Paulician

Dualistic Christian sect found in Armenia and the east of the Byzantine Empire in the seventh-eleventh centuries. The identity of the Paul after whom the Paulicians are named is disputed. Founded in the mid-seventh century by an Armenian named Constantine, the sect seems to have caused widespread political and military revolt.

Quick Facts

Go Historic ID
30942
Names
Paulician
Paulicians
paulicianen Dutch
Pauliciano Spanish

More Definitions

Dualistic Christian sect founded in Armenia and eastern Byzantine Empire in the mid-7th century by an Armenian named Constantine. Other than a brief period when it found favor with the iconoclast emperors of the 8th and 9th centuries, the sect was persecuted and it consequently allied itself with Muslims. The sect was particularly influenced by the dualistic beliefs of Marcionism and of Manichaeism, which recognize an evil God and a good God with the former being the creator and ruler of this world and the latter of the world to come. While Paulicians honored the gospel according to St. Luke and the letters of St. Paul, they rejected the Old Testament, the letters of St. Peter, and the sacraments, worship, and hierarchy of the established church. The Paulicians influenced the 10th-century neo-Manichaean Bogomils. Small Paulician communities were found in the early 19th century in Russian-occupied areas of Armenia.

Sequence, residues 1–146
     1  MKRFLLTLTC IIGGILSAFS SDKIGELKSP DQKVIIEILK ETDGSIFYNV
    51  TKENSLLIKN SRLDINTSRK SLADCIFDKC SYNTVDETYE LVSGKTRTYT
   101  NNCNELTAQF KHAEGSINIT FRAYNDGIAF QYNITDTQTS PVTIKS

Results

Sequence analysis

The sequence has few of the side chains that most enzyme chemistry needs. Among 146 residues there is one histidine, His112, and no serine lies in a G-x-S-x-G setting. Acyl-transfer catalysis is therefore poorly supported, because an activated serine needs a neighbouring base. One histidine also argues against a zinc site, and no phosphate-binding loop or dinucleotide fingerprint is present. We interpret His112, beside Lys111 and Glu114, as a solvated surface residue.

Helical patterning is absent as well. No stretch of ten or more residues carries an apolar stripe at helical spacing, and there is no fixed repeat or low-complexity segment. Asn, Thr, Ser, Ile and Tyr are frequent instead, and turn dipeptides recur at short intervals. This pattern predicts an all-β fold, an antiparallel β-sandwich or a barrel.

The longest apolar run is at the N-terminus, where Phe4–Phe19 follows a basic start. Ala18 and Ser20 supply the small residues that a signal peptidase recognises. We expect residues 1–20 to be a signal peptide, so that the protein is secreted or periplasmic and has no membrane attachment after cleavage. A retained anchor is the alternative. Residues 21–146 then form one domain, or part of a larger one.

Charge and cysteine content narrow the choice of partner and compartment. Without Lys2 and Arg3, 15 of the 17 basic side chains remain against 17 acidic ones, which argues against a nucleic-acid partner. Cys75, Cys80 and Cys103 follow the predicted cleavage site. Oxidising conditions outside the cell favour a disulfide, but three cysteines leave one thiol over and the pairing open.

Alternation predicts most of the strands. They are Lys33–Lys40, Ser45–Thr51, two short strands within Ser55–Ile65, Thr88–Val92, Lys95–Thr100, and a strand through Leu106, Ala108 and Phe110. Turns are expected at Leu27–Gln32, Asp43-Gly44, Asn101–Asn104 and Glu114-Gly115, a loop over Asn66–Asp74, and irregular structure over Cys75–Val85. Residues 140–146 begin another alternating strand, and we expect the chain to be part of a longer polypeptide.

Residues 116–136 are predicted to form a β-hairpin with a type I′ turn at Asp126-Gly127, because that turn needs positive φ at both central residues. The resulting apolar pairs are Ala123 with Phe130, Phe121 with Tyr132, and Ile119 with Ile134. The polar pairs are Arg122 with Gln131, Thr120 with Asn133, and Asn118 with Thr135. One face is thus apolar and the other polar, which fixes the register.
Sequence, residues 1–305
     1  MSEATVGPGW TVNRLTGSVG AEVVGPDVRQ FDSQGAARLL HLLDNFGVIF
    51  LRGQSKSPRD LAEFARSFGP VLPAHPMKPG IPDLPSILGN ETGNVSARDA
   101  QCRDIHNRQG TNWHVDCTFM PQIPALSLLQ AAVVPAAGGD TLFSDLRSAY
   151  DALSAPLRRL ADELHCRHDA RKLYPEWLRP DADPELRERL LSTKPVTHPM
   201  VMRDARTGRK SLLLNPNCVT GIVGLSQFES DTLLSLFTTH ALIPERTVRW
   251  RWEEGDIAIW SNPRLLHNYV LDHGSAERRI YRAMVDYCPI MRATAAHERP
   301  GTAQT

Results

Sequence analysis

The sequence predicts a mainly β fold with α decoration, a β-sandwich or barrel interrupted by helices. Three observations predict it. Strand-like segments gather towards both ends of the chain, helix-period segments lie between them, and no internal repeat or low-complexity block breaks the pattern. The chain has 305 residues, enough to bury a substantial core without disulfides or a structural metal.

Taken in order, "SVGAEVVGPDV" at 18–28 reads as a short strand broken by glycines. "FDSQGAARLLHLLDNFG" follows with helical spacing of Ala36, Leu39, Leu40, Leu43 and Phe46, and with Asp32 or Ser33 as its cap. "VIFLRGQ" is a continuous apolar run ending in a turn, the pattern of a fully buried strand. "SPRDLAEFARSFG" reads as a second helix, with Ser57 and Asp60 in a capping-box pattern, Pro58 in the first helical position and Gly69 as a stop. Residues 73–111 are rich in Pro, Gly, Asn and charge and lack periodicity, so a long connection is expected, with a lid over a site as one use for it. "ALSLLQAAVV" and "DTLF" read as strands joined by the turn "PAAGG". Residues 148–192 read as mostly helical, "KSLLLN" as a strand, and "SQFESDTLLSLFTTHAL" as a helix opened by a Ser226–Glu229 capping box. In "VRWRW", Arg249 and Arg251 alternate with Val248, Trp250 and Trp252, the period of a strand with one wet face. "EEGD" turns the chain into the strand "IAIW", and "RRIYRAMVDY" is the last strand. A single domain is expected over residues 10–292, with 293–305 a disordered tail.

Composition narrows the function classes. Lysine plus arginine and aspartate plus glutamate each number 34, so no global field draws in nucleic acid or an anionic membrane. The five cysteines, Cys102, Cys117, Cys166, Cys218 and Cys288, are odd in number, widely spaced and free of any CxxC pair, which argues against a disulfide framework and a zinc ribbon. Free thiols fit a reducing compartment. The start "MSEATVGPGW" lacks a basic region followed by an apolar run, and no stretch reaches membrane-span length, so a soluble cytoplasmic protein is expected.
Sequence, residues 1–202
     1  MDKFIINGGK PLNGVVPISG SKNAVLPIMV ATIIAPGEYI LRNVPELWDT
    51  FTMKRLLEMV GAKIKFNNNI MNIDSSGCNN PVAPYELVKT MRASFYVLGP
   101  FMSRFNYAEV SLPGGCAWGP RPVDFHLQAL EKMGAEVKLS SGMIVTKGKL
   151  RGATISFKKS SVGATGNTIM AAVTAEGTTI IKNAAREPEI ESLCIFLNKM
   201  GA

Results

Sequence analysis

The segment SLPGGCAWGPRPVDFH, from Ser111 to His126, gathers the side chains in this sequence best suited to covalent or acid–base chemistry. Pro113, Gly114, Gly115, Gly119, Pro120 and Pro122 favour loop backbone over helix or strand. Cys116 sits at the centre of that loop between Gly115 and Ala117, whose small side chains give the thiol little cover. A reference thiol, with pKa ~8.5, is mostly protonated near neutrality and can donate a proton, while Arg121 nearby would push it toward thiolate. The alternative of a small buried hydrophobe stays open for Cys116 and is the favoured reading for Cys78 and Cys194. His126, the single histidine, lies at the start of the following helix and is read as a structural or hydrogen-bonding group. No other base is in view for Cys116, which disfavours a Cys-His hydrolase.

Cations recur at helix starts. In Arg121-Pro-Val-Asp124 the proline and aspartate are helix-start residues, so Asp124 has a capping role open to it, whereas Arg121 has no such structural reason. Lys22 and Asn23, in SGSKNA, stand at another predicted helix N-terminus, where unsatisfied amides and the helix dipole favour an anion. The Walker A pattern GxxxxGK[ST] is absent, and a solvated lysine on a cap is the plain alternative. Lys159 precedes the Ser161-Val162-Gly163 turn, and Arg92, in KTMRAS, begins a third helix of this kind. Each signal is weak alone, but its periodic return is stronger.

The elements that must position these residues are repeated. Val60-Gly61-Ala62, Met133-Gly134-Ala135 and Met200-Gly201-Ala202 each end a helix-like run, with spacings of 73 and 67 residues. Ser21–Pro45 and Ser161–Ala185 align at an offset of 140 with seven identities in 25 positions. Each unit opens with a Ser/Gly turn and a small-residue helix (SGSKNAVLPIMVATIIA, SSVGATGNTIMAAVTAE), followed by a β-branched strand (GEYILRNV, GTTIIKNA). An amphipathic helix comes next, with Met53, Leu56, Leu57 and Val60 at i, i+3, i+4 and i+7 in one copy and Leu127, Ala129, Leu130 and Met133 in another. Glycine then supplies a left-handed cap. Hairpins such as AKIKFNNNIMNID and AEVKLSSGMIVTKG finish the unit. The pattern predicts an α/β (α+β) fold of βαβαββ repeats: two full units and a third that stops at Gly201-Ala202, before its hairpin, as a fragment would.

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Bibliography

  1. 1.  The Getty Art & Architecture Thesaurus, 300264422. The J. Paul Getty Trust.